Victorian Parliament passes historic Treaty legislation
[supplied by First Peoples' Assembly of Vic]
First Peoples Assembly Co-Chairs Marcus Stewart and Geraldine Atkinson.
Image: First Peoples Assembly of Victoria
The first independent umpire in Australia to oversee Treaty negotiations will be created following a historic vote in the Victorian Parliament to concede some of the State’s power.
Co-Chair of the First Peoples’ Assembly of Victoria, proud Nira illim bulluk man of the Taungurung Nation, Marcus Stewart, said the establishment of the Treaty Authority was about stepping outside of the colonial system and putting First Peoples’ lore, law and cultural authority at the heart of the journey to Treaty.
“This is another huge step forward and one that mob all around the Country can take inspiration from. With the Assembly our people have a voice. We already have Truth-telling underway and now Treaty is very much within reach,” said Mr Stewart.
The agreement reached between the First Peoples’ Assembly and the Government of Victoria in June establishes the Treaty Authority outside of the usual state bureaucracy – it won’t report to a Minister, its funding is insulated from the whims of political cycles, and it will be led entirely by First Peoples.
Assembly Co-Chair, Bangerang and Wiradjuri Elder, Aunty Geraldine Atkinson, said it was encouraging to see the public and politicians willing to have the hard conversations and to finally make space and listen to the needs and hopes of First Peoples.
“When people tell me this sounds like a very different way of doing things, I think good! Treaty needs to be done on our terms, because our people need to have faith in the path forward. We’ve been let down too many times before, but now there is real sense of hope growing. Hope that this country is ready to reckon with the past and make amends so we can create a better future together,” said Aunty Geraldine.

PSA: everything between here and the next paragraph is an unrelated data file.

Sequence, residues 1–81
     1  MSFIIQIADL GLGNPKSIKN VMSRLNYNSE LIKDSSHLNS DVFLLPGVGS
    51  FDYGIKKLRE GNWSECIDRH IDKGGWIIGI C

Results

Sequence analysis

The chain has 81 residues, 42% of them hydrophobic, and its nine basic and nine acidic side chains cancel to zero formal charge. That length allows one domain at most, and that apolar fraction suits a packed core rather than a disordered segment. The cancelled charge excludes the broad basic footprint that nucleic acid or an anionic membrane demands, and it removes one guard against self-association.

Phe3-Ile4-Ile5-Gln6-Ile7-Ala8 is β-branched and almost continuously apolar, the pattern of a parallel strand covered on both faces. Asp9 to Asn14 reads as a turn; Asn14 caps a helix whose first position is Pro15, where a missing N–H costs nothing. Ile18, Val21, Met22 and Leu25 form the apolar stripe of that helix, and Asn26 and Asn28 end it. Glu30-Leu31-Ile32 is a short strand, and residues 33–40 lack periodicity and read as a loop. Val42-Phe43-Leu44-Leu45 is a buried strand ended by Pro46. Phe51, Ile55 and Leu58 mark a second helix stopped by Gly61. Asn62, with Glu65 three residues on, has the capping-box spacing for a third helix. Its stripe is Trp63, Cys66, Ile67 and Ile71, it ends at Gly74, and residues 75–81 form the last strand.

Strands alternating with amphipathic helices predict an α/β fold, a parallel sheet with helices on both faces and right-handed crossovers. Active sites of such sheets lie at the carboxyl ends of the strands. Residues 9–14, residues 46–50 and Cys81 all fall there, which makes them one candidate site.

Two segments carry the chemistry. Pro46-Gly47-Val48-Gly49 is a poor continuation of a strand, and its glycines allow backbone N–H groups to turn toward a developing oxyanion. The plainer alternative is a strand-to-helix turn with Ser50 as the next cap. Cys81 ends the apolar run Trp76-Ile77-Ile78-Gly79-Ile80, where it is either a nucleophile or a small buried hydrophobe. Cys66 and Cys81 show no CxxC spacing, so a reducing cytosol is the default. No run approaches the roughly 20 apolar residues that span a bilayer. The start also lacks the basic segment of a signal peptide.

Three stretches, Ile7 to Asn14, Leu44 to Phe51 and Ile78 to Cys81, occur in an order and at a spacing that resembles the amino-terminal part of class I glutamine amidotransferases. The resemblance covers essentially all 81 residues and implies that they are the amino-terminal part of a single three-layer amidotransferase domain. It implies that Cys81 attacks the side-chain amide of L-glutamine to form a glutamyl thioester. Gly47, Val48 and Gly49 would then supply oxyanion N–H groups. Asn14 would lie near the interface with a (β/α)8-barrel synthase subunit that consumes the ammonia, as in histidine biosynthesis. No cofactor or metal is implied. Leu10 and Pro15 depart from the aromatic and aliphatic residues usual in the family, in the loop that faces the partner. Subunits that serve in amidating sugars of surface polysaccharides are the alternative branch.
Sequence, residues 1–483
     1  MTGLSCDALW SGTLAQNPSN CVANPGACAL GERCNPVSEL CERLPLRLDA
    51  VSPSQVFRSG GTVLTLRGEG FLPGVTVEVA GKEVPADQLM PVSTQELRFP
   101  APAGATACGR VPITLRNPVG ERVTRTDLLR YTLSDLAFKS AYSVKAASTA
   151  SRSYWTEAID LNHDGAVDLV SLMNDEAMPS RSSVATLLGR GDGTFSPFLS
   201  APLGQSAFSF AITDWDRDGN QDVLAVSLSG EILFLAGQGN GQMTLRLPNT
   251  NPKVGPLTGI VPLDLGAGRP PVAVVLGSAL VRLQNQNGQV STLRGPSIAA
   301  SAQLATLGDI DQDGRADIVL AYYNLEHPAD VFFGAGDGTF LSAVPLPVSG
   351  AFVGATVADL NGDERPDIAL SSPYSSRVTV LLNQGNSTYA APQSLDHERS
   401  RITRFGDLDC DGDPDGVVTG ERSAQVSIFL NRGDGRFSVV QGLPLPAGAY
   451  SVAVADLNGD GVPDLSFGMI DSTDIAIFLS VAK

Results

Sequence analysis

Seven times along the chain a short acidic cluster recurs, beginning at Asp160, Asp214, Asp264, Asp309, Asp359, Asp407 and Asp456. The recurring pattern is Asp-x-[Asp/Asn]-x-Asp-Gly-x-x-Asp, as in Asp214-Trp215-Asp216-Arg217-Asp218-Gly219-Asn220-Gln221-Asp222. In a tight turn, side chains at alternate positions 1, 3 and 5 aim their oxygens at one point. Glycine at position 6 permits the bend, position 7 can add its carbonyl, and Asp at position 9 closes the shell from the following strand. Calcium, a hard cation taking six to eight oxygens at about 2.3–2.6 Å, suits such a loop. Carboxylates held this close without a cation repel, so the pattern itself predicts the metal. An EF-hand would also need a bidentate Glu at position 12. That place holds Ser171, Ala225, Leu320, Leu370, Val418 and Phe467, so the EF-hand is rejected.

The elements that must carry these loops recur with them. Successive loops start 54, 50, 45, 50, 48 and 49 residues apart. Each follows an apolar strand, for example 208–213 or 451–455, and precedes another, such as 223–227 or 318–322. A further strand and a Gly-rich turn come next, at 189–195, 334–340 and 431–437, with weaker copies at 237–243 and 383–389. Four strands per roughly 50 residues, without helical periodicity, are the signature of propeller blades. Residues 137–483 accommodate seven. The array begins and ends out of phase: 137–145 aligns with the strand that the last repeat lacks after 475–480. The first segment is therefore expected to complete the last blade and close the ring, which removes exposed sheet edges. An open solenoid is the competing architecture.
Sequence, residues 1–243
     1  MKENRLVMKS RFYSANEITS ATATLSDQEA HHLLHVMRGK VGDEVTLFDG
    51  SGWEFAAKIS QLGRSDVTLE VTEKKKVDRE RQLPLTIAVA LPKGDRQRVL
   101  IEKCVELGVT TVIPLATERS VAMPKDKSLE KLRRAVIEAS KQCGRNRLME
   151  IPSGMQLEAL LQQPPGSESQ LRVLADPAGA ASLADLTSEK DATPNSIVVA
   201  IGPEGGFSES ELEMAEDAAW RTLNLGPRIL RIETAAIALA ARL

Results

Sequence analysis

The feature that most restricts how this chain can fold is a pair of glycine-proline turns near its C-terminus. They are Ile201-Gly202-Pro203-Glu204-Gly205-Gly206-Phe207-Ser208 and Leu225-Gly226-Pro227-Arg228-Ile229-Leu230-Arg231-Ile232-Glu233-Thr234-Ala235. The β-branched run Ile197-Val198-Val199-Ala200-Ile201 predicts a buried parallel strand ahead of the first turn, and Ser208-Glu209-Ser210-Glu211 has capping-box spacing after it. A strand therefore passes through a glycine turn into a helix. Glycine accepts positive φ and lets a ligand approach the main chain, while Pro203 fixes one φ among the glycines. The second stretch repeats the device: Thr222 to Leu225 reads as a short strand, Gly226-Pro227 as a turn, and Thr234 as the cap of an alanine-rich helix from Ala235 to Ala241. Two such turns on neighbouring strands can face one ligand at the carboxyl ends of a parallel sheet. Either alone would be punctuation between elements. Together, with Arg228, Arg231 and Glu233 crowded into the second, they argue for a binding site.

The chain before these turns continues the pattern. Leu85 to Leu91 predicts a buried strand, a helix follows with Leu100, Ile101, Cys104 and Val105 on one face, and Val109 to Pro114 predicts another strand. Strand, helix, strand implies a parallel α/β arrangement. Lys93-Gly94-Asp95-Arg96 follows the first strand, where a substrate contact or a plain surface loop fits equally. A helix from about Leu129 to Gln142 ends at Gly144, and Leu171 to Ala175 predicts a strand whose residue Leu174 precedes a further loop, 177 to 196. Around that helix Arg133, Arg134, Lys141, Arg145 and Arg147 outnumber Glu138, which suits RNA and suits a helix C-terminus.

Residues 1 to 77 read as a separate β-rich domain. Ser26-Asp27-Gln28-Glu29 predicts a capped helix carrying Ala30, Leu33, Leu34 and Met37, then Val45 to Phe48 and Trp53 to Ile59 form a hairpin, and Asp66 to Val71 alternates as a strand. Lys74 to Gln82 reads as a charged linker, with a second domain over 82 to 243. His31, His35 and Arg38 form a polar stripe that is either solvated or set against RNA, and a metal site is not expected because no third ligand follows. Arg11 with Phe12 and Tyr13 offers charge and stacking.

In the coming months the Assembly and the Victorian Government will seek to reach agreement about the ‘Treaty Negotiation Framework’ which will set the ground-rules and process for Treaty negotiations. Talks are also underway about a ‘Self Determination Fund’ that will ensure Traditional Owners can enter negotiations on a more level playing field and First Peoples communities can create wealth and prosperity for future generations.
Aunty Geraldine said nothing was off the table and that Treaty needs to both respect and uphold First Peoples’ Culture and correct the economic disadvantage inflicted by dispossession.
“This generation has the opportunity to right past wrongs by making sure the future is one we can be proud of. We have here in this place we all call home, the oldest living Culture in the world. It’s beautiful and we want to share and celebrate it with everyone. All we ask in return is that we regain the freedom and power to make the decisions that affect our lives and our land,” said Aunty Geraldine.
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